Post-traumatic stress disorder (PTSD) is a major problem faced by veterans returning home after active service in the National Guard or Reserve troops. Combat experience and the emotional stress of having to live away from family and loved ones in dangerous war-zones takes a toll on the emotional well-being of a person. The already delicate psyche of the servicemen may get more battered if after returning to civilian life they get plagued by problems like job loss, divorce, and serious financial and legal problems and as an escape — they may turn to alcohol.
A study by researchers at Columbia University's Mailman School of Public Health, published online in the American Journal of Preventive Medicine, states that alcohol abuse is a major concern for soldiers returning home. While almost seven percent of Americans abuse or are dependent on alcohol, in servicemen this figure is almost double: 14 percent.
The study was based on interviews of 1,095 Ohio National Guard soldiers who had primarily served in either Iraq or Afghanistan in 2008 and 2009. The soldiers were interviewed telephonically thrice over a period of three years and asked about their alcohol consumption, exposure to deployment-related traumatic events and stressors like land mines, vehicle crashes, taking enemy fire, and witnessing casualties, and any stress related to everyday life since returning from duty.
Almost 60 percent of those interviewed said that they had experienced combat-related trauma, 36 percent had experienced civilian stressors, and 17 percent reported being sexually harassed during their most recent deployment. Among the group, 13 percent reported problems consistent with an alcohol use disorder in the first interview, seven percent during the second, and five percent during the third. Alcohol use disorder is defined as alcohol abuse or dependence — when a person’s drinking causes distress or harm.
The researchers found that sexual harassment, termed as military sexual trauma (MST) during deployment and the presence of a civilian stressor, increased the chances of alcohol use disorders. An important observation was that the stressors resulted in new cases of alcohol use disorders and did not affect people with a history of alcoholism. Combat-related traumatic events did not majorly contribute to alcohol problems.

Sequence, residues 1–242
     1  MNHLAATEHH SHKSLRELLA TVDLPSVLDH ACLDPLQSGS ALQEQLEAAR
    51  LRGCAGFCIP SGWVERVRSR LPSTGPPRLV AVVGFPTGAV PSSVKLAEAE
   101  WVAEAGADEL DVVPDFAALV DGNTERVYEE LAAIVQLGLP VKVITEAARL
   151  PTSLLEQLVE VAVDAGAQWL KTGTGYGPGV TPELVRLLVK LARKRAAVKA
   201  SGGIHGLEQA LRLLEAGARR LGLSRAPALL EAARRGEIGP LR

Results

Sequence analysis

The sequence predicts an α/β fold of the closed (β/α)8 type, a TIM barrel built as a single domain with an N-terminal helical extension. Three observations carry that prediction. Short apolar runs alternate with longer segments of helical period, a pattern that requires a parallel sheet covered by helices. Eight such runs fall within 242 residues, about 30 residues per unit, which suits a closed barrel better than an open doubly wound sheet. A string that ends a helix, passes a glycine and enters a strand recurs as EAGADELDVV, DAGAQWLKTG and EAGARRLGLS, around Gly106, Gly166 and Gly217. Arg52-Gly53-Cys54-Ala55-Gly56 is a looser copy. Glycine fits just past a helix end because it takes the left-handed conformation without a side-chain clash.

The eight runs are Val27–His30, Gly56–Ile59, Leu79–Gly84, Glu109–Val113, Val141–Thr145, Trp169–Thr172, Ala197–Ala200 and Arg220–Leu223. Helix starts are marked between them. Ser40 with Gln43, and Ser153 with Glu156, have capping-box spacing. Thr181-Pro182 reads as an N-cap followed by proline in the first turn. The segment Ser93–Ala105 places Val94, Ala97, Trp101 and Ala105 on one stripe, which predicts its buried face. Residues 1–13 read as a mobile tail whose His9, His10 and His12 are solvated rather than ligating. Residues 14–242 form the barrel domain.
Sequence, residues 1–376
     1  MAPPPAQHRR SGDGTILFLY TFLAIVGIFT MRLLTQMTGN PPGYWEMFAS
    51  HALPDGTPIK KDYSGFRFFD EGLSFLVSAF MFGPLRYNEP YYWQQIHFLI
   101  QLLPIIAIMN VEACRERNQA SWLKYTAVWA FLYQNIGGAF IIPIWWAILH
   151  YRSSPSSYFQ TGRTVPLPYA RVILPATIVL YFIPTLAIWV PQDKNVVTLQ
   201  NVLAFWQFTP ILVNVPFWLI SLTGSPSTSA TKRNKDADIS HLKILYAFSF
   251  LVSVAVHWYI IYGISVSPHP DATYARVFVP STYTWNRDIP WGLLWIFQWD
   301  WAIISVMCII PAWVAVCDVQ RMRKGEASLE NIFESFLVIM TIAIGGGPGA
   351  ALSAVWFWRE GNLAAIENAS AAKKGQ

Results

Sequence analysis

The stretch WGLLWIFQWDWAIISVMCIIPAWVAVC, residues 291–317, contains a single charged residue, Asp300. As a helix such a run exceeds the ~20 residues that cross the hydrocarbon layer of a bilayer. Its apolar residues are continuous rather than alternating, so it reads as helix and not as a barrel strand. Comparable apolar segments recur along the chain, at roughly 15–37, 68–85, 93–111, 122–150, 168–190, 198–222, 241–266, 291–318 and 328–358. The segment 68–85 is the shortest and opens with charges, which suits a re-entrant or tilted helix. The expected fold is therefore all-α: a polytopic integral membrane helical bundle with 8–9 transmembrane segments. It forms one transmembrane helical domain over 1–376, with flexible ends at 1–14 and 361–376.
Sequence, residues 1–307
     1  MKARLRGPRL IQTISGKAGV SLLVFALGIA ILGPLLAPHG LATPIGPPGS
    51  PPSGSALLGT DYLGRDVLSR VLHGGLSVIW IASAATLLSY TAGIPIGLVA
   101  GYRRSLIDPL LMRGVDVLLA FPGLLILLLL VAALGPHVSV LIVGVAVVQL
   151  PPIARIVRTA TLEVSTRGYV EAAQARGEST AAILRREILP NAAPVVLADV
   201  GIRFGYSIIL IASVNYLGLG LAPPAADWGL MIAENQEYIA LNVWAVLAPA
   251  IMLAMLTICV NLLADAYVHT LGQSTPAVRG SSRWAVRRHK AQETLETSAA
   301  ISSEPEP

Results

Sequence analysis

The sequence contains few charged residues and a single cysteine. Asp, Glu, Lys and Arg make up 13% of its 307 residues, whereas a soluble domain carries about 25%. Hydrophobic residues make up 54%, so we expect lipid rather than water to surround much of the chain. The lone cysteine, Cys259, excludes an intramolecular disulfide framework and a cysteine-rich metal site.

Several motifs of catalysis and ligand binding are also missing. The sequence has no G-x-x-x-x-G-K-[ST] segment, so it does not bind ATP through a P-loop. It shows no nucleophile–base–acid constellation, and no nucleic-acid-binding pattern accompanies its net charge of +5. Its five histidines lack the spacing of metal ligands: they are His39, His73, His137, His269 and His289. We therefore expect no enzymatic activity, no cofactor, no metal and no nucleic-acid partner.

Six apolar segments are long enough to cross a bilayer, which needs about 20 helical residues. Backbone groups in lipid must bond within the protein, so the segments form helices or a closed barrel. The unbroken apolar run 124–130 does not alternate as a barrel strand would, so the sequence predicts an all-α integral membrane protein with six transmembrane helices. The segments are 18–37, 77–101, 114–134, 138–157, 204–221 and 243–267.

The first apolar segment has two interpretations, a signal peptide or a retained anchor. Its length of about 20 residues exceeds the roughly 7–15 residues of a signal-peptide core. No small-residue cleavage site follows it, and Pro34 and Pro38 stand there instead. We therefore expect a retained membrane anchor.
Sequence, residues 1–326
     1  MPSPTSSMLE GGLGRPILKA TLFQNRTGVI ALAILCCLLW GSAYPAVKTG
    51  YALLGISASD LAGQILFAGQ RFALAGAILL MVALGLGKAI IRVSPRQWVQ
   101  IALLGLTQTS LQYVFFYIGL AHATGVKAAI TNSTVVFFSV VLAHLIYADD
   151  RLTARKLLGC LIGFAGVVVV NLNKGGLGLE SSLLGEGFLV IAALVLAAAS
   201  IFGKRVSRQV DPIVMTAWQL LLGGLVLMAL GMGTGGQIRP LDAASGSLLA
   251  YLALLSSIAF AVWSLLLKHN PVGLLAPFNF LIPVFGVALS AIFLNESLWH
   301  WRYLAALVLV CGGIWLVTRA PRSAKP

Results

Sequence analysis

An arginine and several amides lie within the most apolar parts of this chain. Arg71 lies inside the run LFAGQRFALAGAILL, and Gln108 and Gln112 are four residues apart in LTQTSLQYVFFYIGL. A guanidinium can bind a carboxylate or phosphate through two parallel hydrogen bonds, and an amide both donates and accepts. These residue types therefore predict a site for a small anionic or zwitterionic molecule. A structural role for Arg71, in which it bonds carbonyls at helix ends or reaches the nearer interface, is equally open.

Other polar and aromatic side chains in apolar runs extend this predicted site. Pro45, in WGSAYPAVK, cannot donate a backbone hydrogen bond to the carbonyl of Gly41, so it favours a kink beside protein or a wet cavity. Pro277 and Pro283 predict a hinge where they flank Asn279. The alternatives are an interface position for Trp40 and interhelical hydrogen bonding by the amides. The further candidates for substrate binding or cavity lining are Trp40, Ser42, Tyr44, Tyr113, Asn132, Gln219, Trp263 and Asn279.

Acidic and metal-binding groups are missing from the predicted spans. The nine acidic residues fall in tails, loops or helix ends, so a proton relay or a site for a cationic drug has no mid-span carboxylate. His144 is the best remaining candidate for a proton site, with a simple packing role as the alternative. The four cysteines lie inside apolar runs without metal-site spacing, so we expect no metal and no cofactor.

"Exposure to the traumatic event itself has an important effect on mental health in the short term, but what defines long-term mental health problems is having to deal with a lot of daily life difficulties that arise in the aftermath — when soldiers come home," explained lead investigator Magdalena Cerdá, from the Mailman School of Public Health. "The more traumatic events soldiers are exposed to during and after combat, the more problems they are likely to have in their daily life — in their relationships, in their jobs — when they come home. These problems can in turn aggravate mental health issues, such as problems with alcohol, that arise during and after deployment."
In the past decade, more than 1.6 million service members have been deployed in the war zones of Iraq and Afghanistan. And one among eight of these soldiers had alcohol abuse counseling. While female veterans may not abuse alcohol as much as their male counterparts, reports have suggested that they abuse prescription drugs.
The study again reiterates what previous studies have highlighted — a successful reintegration and balanced civilian life are the keys to reducing the stress that may follow after veterans’ homecoming. It also suggests targeted intervention to help soldiers cope with PTSD without resorting to alcohol.
"Guardsmen who return home need help finding jobs, rebuilding their marriages and families, and reintegrating into their communities," said Karestan Koenen, senior author of the study in a statement. "Too many of our warriors fall through the cracks in our system when they return home. This is particularly true of Guardsmen who do not have the same access to services as regular military personnel. We need to support our soldiers on the home front just as we do in the war zone."
Source: Cerdá M, Koenen K, Galea S. American Journal of Preventive Medicine. 2014.